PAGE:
Further Thoughts on Mass Effect’s Combat

I mentioned I’m playing Mass Effect again. In addition to highlighting just how uninteresting my hobbies can be, the experience allows me to more finely compare and contrast certain aspects of both games. The combat is the first and most likely target for such a comparison, as it’s one of the biggest problems people have with the second game outside of the scanning mechanic and the lack of exposed skin during the “romantic interludes.”

Courtesy BioWare

Combat in the first Mass Effect is, like the inventory system, ripe territory for micromanagement. Every character has a variety of powers that are mostly on separate cooldown periods. To effectively survive combat encounters with minimal expenditure of medi-gel or grenades, especially on higher difficulty levels, using the radial menu to pause the game, look around and target party members’ powers on specific enemies is every bit as important as making sure your guns have the right load-out. It’s a combat system that rewards preparation and planning. If you know there will be a ton of geth in a particular hotspot, load up on anti-synthetic ammo and be sure to have at least one tech specialist in your party to ruin the geth’s day by destroying their shields. Areas of rachni, thorian creepers or other organic hazards will require different ammo and a wider array of powers. And if you want a real challenge, try fighting without biotics. The ability to take an assailant off the ground with your brain or slam them against the wall as a killing blow are things you’re likely to miss when a geth Destroyer is coming straight for you.

Courtesy BioWare

Mass Effect 2‘s combat is a bit more straight-forward and faster paced, as I’ve mentioned. Like other third-person shooters, most notably Gears of War, just about every where you go in the Terminus Systems you’ll find plenty of chest-high walls. You survived a lot longer in the first game when shooting from cover, but you were also spending half your time in the radial menu. The sequel seems to want to limit the amount of power-picking, so while you do have more places to map powers (a definite improvement), you have fewer powers from which to choose. Shepard can have up to six, seven if you count Unity, while members of your party won’t ever have more than three. Sure, there’s less to keep track of, meaning you’ll be moving through combat a bit more rapidly and it adds to the overall action-oriented feel of the game. But I can’t help but feel that something’s been lost.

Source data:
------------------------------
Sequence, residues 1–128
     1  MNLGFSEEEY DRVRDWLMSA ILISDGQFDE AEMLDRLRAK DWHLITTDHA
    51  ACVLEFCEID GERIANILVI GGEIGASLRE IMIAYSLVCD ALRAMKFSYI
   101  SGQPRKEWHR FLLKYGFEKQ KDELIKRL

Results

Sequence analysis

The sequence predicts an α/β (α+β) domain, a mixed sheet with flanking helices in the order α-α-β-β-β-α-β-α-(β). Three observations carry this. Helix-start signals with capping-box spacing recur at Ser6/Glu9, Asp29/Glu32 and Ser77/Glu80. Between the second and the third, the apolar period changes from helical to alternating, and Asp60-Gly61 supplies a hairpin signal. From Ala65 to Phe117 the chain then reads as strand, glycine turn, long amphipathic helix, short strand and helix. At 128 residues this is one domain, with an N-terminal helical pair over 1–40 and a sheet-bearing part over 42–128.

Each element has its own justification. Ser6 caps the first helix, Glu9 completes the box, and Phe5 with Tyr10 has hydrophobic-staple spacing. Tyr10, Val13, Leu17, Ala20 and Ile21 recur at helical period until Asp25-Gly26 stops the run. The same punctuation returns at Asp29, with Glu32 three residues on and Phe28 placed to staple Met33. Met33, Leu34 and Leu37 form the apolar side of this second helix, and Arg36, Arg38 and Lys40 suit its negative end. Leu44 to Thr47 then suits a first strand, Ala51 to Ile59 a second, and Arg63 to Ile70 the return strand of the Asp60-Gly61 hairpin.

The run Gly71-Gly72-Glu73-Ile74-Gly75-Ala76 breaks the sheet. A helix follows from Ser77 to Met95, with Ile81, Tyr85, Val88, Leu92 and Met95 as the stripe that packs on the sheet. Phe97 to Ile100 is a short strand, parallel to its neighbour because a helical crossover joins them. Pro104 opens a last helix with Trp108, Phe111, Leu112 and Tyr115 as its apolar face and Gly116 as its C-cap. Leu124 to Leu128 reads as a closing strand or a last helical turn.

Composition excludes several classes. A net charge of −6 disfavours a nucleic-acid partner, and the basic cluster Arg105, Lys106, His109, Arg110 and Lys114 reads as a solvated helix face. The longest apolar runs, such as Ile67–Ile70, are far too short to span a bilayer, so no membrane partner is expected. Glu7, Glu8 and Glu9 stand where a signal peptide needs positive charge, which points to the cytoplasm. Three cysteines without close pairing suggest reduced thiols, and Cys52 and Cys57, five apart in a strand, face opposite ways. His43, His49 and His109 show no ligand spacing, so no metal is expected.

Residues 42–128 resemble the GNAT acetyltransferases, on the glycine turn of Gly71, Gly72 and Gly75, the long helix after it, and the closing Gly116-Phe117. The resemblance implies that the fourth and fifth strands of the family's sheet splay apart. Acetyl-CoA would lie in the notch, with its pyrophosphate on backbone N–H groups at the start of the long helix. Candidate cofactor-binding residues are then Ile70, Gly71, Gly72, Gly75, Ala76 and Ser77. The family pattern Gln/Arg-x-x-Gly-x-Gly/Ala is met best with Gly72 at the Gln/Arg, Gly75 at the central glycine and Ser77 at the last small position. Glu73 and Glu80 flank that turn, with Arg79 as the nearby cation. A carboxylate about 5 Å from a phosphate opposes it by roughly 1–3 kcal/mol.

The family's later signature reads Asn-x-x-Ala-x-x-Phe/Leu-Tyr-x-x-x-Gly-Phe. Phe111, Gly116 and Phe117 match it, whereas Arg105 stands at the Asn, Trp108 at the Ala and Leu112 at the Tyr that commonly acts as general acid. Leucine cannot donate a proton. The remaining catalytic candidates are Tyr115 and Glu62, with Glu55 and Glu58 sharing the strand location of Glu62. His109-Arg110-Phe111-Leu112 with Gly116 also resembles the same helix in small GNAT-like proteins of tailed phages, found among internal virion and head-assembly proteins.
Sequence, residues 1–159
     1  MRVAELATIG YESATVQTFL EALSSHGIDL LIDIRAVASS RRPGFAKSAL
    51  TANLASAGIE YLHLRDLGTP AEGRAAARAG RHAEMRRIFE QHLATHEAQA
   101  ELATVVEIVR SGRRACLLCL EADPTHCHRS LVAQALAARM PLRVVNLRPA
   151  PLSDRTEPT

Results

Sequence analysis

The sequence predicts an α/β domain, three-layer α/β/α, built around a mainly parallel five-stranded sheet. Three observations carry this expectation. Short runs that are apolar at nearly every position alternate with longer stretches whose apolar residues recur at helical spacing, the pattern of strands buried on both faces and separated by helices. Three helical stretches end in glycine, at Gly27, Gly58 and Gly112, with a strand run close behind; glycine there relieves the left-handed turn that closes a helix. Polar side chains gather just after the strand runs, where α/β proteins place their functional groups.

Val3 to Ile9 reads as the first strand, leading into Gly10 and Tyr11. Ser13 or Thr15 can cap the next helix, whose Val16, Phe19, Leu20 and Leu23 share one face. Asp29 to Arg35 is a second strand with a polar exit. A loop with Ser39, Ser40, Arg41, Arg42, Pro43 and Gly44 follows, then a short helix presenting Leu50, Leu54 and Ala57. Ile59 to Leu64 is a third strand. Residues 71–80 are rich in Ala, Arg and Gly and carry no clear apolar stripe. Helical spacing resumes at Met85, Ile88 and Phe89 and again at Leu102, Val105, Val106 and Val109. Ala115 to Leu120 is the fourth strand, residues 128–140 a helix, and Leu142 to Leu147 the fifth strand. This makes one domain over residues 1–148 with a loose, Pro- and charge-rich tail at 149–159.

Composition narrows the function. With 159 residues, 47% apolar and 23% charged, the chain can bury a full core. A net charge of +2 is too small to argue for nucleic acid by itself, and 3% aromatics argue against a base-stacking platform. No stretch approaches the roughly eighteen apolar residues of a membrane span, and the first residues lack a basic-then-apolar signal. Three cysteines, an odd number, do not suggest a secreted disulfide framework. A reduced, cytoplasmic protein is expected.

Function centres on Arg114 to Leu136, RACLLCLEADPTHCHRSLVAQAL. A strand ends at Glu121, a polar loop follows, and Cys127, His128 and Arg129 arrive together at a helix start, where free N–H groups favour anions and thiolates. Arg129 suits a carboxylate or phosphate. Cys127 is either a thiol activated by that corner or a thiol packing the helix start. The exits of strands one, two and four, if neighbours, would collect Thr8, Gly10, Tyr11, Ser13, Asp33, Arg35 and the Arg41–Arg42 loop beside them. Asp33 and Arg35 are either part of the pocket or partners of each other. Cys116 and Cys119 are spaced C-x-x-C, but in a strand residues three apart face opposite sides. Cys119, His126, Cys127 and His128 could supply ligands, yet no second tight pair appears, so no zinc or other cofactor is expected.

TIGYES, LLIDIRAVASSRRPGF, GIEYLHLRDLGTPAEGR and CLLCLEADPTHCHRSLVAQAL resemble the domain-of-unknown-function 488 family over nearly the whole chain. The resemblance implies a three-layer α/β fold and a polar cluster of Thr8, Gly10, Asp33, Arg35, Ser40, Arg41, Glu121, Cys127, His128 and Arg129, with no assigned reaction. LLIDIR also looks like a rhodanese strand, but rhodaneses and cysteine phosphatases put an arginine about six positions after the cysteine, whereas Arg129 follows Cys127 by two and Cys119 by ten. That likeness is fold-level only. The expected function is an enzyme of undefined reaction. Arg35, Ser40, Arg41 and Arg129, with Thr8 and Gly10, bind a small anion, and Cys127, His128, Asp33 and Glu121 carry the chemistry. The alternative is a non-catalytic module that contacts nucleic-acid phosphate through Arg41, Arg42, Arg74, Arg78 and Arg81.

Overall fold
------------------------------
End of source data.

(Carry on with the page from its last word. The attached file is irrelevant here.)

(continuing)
I’m not saying one method of combat is superior to the other. They both work, they’re both fun and neither feels completely out of place. To be honest, the only major difference is that combat in the first feels more like an RPG while the second is more shooter-oriented. Yahtzee accurately points out that gameplay is still ‘flailing about’ trying to strike the right balance, and the first two games lean just a bit too much in one direction or another. Again, this is not a complaint, merely an observation. I hope that BioWare keeps trying to find that balance for Mass Effect 3 and doesn’t turn it into Gears of War: Spectre Edition.

2 Comments

  1. Gears of War: Spectre Edition

    Well played, sir. Well played.

    Much like I miss the Mako (more on that another time), I kind of miss some of the micro-managing from ME1. Well, I do right now, anyway. Finally retrieved my copy of the first game from Eldest Nephew, so we’ll see how I feel about it later this week when I replay it. Right now, though, I miss having more than 3 ways for my teammates to dish out the pain. (Okay, four if you count plain old firearms.)

    I remember way back when, right after Mass Effect 2 was first announced, the designers talked about the possibility of letting the action continue in the background while you were in the Radial Menu. I am so very glad they compromised and allowed for button-mapping some of your powers, instead. Why? Because if I repeatedly failed a mission because some jerkface blew my head off while I was diligently handing out orders, I would have stopped playing the game altogether, fantastic writing be damned.

    I’m all for fewer breaks in the flow, but this pursuit of “more realist gameplay,” is really starting to get ridiculous. If I wanted to be in a semi-realistic combat situation, I’d join a paintball team. Or, you know, the Coast Guard*. Do NOT make ridiculous game design choices solely for the sake of “realism.” I’d much rather see design choices that bring about more balanced and/or challenging gameplay than I would anything that makes me feel the vertigo associated with jumping out of a perfectly working airplane.

    *I kid! I love the Navy’s little sister. Really, I do. 🙂

  2. I wanted to punch the combat in Mass Effect I in the face. Over and over again.

    I adore the combat in Mass Effect 2.

    — c.

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